2. Wave Processes in Arctic Seas, Observed from TerraSAR-X

    DTIC Science & Technology

    2014-09-30

    X SAR image spectra without using a-priori information. Iceberg detection is carried out through a single channel image analysis by an...advancement of CFAR algorithm to detect and locate icebergs in an image. Ice type classification is obtained with a texture based approach. Ice types are...obtained in the Beaufort Sea. Software development for iceberg detection is in a final stage and a comprehensive validation is to be carried out

  3. Diagnostic sea ice predictability in the pan-Arctic and U.S. Arctic regional seas

    NASA Astrophysics Data System (ADS)

    Cheng, Wei; Blanchard-Wrigglesworth, Edward; Bitz, Cecilia M.; Ladd, Carol; Stabeno, Phyllis J.

    2016-11-01

    This study assesses sea ice predictability in the pan-Arctic and U.S. Arctic regional (Bering, Chukchi, and Beaufort) seas with a purpose of understanding regional differences from the pan-Arctic perspective and how predictability might change under changing climate. Lagged correlation is derived using existing output from the Community Earth System Model Large Ensemble (CESM-LE), Pan-Arctic Ice-Ocean Modeling and Assimilation System, and NOAA Coupled Forecast System Reanalysis models. While qualitatively similar, quantitative differences exist in Arctic ice area lagged correlation in models with or without data assimilation. On regional scales, modeled ice area lagged correlations are strongly location and season dependent. A robust feature in the CESM-LE is that the pan-Arctic melt-to-freeze season ice area memory intensifies, whereas the freeze-to-melt season memory weakens as climate warms, but there are across-region variations in the sea ice predictability changes with changing climate.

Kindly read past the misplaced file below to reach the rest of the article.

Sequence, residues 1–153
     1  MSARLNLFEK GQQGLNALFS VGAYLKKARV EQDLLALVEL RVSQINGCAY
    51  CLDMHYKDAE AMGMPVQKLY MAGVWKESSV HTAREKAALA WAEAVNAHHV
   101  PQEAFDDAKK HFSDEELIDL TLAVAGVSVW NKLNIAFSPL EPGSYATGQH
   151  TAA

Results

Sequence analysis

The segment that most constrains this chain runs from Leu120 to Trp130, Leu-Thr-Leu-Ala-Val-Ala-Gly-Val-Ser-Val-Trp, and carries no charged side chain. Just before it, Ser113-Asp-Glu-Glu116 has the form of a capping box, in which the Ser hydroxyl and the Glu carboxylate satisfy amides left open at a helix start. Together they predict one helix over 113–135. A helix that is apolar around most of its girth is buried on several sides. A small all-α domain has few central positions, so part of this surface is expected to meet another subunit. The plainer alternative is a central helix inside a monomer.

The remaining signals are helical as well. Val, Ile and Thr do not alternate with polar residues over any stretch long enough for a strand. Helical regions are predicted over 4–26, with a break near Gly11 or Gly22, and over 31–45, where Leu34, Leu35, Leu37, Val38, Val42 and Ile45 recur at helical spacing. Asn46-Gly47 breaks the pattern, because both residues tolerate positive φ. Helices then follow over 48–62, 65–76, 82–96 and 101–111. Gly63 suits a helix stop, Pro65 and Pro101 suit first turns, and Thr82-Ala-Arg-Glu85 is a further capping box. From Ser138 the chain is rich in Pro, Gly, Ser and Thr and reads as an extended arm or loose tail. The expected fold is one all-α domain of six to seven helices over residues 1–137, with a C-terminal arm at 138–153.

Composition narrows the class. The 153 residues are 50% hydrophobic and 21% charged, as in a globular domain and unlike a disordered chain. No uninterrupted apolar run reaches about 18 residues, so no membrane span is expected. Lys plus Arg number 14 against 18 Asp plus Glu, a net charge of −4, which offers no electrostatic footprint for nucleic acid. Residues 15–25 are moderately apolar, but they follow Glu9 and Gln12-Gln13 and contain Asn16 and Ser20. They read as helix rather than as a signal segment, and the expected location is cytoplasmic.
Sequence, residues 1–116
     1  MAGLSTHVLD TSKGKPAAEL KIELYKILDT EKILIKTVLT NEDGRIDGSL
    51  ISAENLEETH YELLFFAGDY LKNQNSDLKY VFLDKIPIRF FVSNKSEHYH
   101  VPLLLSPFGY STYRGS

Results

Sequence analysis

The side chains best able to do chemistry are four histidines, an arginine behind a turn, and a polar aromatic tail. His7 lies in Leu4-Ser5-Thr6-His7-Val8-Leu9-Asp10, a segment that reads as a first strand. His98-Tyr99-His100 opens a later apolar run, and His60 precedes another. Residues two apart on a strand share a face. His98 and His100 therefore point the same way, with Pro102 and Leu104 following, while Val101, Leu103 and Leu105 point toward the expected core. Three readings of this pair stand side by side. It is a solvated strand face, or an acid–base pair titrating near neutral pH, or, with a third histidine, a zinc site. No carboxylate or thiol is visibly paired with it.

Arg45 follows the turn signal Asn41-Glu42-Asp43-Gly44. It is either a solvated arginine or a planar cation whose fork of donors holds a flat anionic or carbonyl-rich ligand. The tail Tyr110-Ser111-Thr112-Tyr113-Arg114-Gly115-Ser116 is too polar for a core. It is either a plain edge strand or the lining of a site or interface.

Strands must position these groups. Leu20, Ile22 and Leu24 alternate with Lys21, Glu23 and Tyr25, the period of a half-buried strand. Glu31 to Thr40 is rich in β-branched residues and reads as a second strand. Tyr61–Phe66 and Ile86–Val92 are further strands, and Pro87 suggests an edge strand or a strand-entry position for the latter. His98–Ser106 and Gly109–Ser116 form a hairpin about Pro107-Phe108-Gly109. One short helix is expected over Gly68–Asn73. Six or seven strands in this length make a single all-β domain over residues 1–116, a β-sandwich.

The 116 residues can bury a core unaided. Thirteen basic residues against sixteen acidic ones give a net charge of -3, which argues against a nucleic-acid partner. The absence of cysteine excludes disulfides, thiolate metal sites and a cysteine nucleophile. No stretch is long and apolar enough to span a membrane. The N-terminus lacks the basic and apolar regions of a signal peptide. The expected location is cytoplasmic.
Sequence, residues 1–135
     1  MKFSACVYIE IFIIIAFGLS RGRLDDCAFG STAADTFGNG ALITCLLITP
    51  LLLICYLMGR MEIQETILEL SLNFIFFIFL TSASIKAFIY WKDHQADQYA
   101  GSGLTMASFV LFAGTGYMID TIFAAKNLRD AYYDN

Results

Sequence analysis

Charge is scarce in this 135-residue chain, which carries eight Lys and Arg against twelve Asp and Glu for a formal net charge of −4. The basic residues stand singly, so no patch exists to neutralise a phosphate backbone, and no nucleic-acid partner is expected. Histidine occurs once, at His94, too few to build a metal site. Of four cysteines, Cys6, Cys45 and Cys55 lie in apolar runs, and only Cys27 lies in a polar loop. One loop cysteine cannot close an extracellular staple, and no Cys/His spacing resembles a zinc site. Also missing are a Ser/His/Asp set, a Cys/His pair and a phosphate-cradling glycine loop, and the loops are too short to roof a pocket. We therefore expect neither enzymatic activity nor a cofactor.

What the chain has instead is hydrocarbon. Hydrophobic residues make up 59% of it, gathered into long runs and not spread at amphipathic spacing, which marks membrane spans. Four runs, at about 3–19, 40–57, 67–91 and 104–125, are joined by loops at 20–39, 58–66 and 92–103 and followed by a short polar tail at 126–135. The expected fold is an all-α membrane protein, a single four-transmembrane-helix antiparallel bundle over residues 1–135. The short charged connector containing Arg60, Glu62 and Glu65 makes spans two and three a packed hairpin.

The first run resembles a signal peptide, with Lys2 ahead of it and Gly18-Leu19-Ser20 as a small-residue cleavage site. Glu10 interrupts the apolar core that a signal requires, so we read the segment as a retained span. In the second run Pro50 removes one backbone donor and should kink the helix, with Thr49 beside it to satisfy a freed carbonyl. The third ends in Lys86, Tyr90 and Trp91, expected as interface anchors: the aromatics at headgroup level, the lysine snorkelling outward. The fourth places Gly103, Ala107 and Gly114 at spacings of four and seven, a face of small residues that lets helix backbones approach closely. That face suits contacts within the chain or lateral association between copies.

4. Sedimentological and Stratagraphic Evidence for a Catastrophic Flood Along the Beaufort Margin, Arctic Ocean

    NASA Astrophysics Data System (ADS)

    Klotsko, S.; Driscoll, N. W.; Keigwin, L. D.

    2014-12-01

    In 2013, a cruise on the USCGC Healy mapped the Beaufort margin from Barrow, AK into the Amundsen Gulf using a towed CHIRP subbottom profiler and a hull-mounted Knudsen CHIRP subbottom profiler. Sediment cores were also acquired. The seismic data image an extensive margin-wide drift deposit, which appears to have entered the Beaufort margin from the Mackenzie River. The deposit is thickest on the eastern side of the Mackenzie Delta, near stations 5 and 9. It thins west along the Beaufort margin nearing Barrow Canyon. The deposit also thins to the east, but does not extend as far in this direction. Sediment core Healy1302-JPC15, from station 5 on the Mackenzie slope, was analyzed for grain size using a Laser Diffraction Particle Size Analyzer. These data were compared to the magnetic susceptibility data from the core. Peaks in the susceptibility correlate with increases in grain size, as well as high amplitude reflectors within the drift deposit present in the seismic data. The drift deposit appears to have a diagnostic reflection pattern observed in the seismic data with the base being characterized by a high amplitude reflector that correlates with increased IRD. Above the basal reflectors, an acoustically transparent interval is observed with thicknesses on the order of 7 m near the depocenter; this interval has diminished IRD and radiocarbon dates yield accumulation rates as high as 8 m/ky. The dominant grain size for this interval is ~5 μm. Above the transparent interval is a series of high amplitude reflectors defining the top of the drift deposit. The dominant grain size for the basal and upper high amplitude reflectors reaches ~20 μm. We postulate that the drift deposit was sourced from glacial Lake Agassiz and flowed down the Mackenzie River, entering the Arctic Ocean. It was then entrained by the Beaufort Gyre, migrating clockwise along the margin. Oxygen isotope data reflects the light δO18 signature consistent with a large glacial meltwater input